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Nuclear power plants rely on a principle of layered safety mechanisms. The risk of any one safety system failing is low—and so the risk of multiple systems collapsing like dominoes is exceedingly low. But an active war zone trips up that system, according to James Acton, codirector of the Nuclear Policy Program at the Carnegie Endowment for Peace.

On Twitter, Acton noted the increased risks of “common mode” failure, where both primary and backup systems simultaneously fail. In one scenario, a Russian attack on Ukraine’s power systems disconnects the nuclear plant from the grid, and then a safety incident, like a fire, occurs. Ordinarily, if the power goes out and the reactors need to be powered down, there are backup systems to keep the power plant cool—the IAEA recommends 72 hours of fuel, Acton noted in an email to WIRED. In peaceful times, that window should be enough time for the grid to come back online, or a fire crew to arrive, or at least for a resupply of diesel to run emergency generators. In wartime, the arrival of those things is not guaranteed. The risk of such an incident remains very low, Acton wrote, but in war, “the unimaginable becomes entirely conceivable.”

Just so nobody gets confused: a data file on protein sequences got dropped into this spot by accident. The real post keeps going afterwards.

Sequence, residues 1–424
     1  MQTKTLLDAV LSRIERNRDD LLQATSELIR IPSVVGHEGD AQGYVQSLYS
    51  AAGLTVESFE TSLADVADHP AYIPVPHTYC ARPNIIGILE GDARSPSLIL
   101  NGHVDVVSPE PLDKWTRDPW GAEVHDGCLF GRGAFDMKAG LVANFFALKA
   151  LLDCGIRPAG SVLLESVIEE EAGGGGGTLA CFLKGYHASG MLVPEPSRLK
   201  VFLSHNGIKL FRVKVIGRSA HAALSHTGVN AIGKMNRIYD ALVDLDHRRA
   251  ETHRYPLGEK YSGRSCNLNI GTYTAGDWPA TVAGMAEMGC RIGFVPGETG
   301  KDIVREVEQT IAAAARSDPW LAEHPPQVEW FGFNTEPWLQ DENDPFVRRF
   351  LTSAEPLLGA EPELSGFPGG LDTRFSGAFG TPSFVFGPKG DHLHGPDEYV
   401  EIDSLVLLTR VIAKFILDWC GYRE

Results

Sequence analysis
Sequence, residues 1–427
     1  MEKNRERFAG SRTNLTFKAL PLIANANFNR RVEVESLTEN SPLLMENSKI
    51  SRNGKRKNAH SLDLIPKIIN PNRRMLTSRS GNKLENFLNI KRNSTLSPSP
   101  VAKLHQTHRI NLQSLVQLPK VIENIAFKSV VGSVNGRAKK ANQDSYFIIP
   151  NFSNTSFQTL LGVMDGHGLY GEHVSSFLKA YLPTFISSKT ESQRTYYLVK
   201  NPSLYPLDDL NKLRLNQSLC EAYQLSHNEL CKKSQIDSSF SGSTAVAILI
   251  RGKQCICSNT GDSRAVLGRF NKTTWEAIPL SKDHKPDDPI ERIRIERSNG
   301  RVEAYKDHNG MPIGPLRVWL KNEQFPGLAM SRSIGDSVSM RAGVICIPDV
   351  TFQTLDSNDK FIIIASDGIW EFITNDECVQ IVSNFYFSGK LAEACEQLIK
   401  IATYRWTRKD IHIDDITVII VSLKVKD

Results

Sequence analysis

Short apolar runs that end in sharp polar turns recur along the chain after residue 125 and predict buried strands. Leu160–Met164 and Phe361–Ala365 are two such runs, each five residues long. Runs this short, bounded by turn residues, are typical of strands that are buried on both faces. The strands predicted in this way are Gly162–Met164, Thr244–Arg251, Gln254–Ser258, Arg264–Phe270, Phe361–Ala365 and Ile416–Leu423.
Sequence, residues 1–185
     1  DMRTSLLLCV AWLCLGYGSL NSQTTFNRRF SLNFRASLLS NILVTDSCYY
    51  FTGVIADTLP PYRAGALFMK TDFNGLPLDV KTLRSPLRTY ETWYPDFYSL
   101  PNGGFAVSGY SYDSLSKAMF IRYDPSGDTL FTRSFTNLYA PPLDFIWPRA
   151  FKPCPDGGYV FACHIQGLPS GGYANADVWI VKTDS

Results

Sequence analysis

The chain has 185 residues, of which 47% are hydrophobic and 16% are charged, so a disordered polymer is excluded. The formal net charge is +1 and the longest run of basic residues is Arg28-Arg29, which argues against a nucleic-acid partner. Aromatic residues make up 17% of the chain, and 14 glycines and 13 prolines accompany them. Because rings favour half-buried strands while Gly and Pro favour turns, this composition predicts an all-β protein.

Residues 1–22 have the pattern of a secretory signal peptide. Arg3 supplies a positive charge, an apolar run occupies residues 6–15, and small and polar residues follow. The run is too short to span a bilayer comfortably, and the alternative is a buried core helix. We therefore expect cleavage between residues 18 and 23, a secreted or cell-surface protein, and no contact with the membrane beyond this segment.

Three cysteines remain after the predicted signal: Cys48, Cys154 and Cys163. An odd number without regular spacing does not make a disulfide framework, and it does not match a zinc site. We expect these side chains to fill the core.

The Chernobyl plant, known as a “first-generation” reactor, used graphite as a “moderator,” to slow neutrons down and facilitate fission chain reactions. But graphite burns, and when the graphite began to smolder, it helped spread radioactive material into the air. After the catastrophe, that design was phased out worldwide. Now, in the Ukraine and elsewhere, most nuclear plants have “pressurized water reactors,” which use water rather than graphite. But while the newer water reactors are safer, risks remain if plant operators can’t keep the coolant system going, since water heated by the fuel rods needs to be replaced by cool water.